Those who constantly moan about coalitions being lots of deals in smoky (or smokeless as we have now) rooms are either wilfully misrepresenting party politics or are woefully naive.
Put simply: all political parties are coalitions.
I know loads of people in the Labour Party who, if I were to form a select group of like-minded individuals, wouldn’t be invited! And vice-versa! However we are broadly united by a broad and shared set of values and beliefs. Likewise in the Tory party. John Bercow and Philip Davies identify themselves both as Tory through and through even though the former is in many respects more New Labour and the latter is in many respects more like UKIP. However, they both stay in the Tory party to work within it rather than outside of it.
This is what party politics is all about. It’s not ideal but it is the least worst system we have.
Those who criticism AV for encouraging ‘deals’ between parties are wilfully ignoring the fact that deals within their own parties have been going on since the parties existed, think about the horse-trading that went on over 42-day detention under Gordon Brown.
To end this rant, I’ll summarise by saying I’ll be voting – and maybe campaigning – for a YES vote in the AV referendum, because I believe electing an MP with 50% of the public preferring him or her to their opponent will strengthen, not weaken the constituency link between an MP and their constituents and because I believe AV will remove at a stroke the tiring process many people have to go through at an election where they sometimes have to vote for a party or candidate they don’t like purely to stop a more disliked candidate or party winning. The amount of times I had to have this conversation with people during the last election was ridiculous, people who didn’t like the Tories but weren’t sure about voting Labour. Under AV they would be allowed to express themselves properly (and for Tories they could vote Liberal or UKIP if it better reflected them while still voting Tory as a second preference to keep Labour out) It allows people to express their preference properly in a clear order.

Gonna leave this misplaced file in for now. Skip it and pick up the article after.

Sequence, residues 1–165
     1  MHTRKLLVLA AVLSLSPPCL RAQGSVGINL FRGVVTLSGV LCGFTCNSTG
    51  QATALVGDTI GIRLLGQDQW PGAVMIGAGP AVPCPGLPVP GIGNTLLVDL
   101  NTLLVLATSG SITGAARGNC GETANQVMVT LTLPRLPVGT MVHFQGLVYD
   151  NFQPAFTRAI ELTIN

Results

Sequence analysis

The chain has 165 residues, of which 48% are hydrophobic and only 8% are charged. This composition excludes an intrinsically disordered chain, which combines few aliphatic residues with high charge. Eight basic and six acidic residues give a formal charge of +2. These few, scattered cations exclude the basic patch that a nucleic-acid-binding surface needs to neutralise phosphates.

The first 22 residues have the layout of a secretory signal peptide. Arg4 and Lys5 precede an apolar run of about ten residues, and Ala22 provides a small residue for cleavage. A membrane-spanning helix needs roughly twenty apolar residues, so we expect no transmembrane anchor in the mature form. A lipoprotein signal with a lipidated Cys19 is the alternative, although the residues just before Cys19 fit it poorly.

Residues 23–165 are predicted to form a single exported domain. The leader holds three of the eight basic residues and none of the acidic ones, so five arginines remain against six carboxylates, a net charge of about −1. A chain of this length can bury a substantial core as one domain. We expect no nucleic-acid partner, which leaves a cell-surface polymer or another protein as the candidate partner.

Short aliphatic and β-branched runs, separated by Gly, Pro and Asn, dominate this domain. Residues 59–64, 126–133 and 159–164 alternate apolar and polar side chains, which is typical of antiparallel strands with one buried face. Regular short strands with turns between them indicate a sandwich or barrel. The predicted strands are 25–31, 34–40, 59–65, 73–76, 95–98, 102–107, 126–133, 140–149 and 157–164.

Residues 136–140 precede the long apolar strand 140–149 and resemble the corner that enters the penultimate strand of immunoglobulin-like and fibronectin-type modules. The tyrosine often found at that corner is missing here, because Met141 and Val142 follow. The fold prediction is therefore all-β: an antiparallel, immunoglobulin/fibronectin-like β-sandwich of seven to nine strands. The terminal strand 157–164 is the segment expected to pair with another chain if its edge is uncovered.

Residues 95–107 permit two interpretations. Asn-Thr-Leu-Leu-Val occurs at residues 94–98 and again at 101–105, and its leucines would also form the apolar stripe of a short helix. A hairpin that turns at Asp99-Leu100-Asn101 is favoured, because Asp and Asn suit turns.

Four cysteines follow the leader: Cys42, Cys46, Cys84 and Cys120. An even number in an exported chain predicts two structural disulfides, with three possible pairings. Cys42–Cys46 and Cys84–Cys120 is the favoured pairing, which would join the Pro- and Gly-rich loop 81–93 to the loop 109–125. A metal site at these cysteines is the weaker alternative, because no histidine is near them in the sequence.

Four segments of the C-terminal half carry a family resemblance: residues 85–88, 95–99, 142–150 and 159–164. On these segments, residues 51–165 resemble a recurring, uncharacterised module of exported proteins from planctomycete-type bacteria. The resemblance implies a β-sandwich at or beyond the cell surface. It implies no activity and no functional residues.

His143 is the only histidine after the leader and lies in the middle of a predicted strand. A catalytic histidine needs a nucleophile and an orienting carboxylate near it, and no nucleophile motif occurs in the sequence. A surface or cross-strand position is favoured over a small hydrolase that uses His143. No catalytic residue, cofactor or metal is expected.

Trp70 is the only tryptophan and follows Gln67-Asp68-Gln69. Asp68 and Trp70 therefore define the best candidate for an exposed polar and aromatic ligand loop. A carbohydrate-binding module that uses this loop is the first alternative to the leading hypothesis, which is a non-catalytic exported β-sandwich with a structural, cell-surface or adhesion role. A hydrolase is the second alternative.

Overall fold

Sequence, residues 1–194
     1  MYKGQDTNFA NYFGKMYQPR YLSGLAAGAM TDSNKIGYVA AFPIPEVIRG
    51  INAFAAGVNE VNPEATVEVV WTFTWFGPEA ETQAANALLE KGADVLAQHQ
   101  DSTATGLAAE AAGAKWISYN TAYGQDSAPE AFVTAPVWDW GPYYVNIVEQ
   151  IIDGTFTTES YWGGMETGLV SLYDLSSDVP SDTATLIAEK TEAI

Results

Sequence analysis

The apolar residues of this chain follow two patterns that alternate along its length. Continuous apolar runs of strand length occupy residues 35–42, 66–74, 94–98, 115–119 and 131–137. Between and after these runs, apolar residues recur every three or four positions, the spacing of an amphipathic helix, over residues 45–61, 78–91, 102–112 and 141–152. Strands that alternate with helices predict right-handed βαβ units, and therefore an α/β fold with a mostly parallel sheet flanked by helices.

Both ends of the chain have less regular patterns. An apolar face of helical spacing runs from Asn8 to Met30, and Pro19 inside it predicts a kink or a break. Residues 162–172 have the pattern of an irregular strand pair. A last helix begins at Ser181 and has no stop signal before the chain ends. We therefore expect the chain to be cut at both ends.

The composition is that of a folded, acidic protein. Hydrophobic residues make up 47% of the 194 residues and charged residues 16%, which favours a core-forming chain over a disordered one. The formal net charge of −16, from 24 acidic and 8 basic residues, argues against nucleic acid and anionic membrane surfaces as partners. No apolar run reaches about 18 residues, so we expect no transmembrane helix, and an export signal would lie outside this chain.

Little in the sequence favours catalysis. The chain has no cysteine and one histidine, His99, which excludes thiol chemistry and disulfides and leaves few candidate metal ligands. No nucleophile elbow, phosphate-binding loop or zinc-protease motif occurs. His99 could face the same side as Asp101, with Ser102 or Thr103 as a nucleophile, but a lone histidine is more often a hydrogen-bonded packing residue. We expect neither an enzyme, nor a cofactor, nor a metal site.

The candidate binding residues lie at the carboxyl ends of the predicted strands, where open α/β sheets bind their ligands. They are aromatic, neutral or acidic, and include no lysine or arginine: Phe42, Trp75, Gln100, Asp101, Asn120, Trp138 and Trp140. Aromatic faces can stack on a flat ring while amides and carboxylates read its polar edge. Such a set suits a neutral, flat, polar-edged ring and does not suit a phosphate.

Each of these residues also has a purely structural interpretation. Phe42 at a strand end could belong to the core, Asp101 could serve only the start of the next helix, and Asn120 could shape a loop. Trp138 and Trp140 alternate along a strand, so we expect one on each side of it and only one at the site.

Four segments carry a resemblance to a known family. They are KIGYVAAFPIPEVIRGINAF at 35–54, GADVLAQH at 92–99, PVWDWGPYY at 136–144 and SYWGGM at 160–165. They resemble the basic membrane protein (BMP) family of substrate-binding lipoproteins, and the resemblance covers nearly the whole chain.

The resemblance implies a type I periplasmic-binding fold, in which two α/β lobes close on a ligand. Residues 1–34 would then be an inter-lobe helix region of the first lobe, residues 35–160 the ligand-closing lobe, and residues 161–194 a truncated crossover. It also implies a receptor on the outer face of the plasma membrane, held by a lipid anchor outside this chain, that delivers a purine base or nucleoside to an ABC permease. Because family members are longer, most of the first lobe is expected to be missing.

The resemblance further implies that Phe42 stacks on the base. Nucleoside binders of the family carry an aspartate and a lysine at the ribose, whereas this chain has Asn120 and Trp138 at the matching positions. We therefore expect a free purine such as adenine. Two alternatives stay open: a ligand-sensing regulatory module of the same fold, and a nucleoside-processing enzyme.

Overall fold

Those who say it means fringe voters have their vote counted numerous times compared to someone voting for a mainstream party are missing the point – if you voted for one of the top two parties under AV then your vote doesn’t need to count any more times as your candidate is already in the final run-off. If you voted for a fringe candidate it’s not necessarily that your vote is counting numerous times but that it didn’t count in the earlier stages, as the chosen candidate didn’t acquire enough support to merit inclusion in the later run-off.
So I’ll be voting Yes to AV but frankly reading some of the arguments for and against part of me is wishing the whole thing would just go away, especially seeing people who were anti-AV before the election (and pro-PR) now campaigning vociferously for AV, the campaigns aren’t covering anyone in glory and looks like tribalistic politics at its most tedious.